When the FDA refused, the pistachio industry developed the Web site www.pistachiorecall.org to list those companies and brands not included in the recall. The FDA later provided a link from its Web site to the pistachio industry’s recall site.

The FDA sent a letter to the pistachio industry outlining expected changes to keep the possible pistachio contamination from happening again. The pistachio industry agreed to implement a handful of new procedures addressing sanitation operating procedures and roasting processes, plus raw product tests.

“Processors spent millions of dollars to upgrade their facilities,” Szeflin said. “We probably have a 5 to 10 percent ongoing cost increase to comply with the new sanitation and testing programs.”

Szeflin agrees food safety is a must for every step in the food chain; it is not just the processor’s responsibility. He is critical of how the FDA managed the pistachio recall.

“I think the public debate on the recall when there was no illness linked to pistachios starts to hurt the FDA’s credibility when it comes to large recalls,” Szeflin said. “I believe FDA has the power to have the same affect through dialogue. In the end it would have cost the pistachio industry a lot less (money) to get to the same place.”

Also on the food safety panel was Christine Summers, director of food safety and quality assurance with Costco Wholesale, an international discount chain of membership warehouses.

Summers discussed results from a recent IBM study which measured consumer attitudes on food safety. Among the results were 83 percent of the respondents could name a recalled product in the last two years. Surprisingly 8 percent said they’d never buy the product again.

“That’s concerning to a company like Costco,” Summers said. “We have 28 million households that carry Costco cards; two people per household; that’s 56 million people. Eight percent of 56 million people is a lot of people and we can’t afford to lose sales to that many people. It’s incumbent upon Costco to do something to protect consumer loyalty.”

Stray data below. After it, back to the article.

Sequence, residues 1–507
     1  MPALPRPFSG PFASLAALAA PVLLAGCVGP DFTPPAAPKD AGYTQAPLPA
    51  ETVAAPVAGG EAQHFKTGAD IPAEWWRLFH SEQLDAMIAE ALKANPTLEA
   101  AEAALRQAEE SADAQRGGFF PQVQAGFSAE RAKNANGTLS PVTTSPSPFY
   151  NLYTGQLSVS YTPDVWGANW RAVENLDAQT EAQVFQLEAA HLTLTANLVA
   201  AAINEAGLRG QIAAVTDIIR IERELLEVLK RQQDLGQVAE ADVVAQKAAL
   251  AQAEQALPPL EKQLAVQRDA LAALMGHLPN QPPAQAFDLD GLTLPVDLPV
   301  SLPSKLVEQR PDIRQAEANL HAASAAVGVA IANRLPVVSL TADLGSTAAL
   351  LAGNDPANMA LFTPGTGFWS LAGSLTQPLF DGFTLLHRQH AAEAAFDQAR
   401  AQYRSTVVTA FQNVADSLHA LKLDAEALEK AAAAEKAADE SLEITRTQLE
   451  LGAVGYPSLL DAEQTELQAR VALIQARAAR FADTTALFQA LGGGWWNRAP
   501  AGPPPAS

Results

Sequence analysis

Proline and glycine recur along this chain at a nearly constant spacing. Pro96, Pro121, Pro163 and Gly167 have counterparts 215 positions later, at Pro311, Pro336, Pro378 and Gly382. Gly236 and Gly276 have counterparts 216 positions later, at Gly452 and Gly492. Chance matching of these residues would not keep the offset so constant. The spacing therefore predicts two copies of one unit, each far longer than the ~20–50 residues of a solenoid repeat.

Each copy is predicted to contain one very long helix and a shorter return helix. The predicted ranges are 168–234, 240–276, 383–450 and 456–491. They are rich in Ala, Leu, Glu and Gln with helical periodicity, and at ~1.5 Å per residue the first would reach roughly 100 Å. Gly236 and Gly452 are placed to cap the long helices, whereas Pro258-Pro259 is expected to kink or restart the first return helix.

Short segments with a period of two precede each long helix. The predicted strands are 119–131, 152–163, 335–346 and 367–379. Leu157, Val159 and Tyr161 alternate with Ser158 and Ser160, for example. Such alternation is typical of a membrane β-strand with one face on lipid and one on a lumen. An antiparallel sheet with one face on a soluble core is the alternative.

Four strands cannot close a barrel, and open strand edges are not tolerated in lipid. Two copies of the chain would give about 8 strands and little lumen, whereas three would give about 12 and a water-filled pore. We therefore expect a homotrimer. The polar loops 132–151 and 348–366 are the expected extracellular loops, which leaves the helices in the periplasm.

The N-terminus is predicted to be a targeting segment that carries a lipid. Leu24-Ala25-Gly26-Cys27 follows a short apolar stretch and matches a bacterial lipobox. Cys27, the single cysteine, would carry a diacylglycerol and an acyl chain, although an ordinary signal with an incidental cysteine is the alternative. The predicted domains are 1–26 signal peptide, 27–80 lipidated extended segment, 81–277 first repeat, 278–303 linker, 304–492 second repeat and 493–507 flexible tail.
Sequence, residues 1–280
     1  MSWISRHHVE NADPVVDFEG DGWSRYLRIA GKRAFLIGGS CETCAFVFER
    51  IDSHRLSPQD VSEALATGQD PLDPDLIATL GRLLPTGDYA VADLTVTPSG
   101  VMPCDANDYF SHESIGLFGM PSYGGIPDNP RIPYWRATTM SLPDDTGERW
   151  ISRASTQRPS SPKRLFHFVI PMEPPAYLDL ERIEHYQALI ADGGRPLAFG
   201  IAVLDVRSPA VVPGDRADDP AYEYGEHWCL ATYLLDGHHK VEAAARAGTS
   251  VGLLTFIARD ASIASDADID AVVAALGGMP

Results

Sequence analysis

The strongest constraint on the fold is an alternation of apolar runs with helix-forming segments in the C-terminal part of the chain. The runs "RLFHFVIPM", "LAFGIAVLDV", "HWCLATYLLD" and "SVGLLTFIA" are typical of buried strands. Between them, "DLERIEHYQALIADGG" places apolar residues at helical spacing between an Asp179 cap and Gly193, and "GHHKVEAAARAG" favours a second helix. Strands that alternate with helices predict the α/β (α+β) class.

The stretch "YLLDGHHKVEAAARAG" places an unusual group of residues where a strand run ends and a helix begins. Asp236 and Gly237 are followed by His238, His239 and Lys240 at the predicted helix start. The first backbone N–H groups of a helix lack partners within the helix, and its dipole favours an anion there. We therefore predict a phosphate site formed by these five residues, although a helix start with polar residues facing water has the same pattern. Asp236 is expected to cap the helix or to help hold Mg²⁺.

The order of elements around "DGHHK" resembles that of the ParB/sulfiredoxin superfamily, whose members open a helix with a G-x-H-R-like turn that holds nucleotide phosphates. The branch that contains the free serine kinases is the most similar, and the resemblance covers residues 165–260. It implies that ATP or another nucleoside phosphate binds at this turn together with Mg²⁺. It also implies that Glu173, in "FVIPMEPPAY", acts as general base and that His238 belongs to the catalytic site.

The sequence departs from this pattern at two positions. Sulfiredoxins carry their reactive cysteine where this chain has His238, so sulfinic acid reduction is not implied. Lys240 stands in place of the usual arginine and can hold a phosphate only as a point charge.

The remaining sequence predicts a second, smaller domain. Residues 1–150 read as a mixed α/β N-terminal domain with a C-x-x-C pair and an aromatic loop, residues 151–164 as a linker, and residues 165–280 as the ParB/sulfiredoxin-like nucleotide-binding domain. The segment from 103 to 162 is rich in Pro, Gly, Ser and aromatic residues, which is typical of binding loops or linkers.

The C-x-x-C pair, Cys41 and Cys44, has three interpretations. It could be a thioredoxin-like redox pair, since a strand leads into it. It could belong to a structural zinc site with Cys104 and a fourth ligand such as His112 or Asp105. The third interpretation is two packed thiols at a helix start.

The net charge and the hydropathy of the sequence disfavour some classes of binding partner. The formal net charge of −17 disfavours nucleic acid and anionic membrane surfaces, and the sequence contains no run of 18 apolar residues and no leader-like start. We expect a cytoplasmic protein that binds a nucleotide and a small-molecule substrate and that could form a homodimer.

Food safety is a high priority at Costco to protect its customers and company branding. The company’s goal is to keep its food safety efforts invisible.

“We want mom to come in and shop and not think about whether the items they are buying are safe. It shouldn’t even cross their mind,” Summers said. “If it does then we are not doing our job right. When (recall) occasions happen, how you deal with those situations is how you maintain trust and loyalty.”

Summers says Costco can implement a product recall in its stores literally within minutes.

“If we have a recall or think there may be an issue with a product even before a recall is announced then we immediately block that item from sales,” Summers said.

“No customer can leave the store with the item in their basket.”

Costco, which has members’ phone numbers and addresses on file, can call about 875,000 members per hour if necessary.

“It takes a long time to build trust and to gain customer loyalty,” Summers said, “but it can take a split second to lose it.”

Charlie Arnot summarized the importance of a quick response time by industry if a recall occurs.

“Any time there is a crisis we talk about the golden hour; you have about one hour to begin filling the information vacuum before someone fills it for you,” Arnot said.

“You tell them what you know, what you don’t know, and when more info will be available.”

Providing accurate and timely information places a company in a better position to manage the issue, Arnot says.

email: cblake@farmpress.com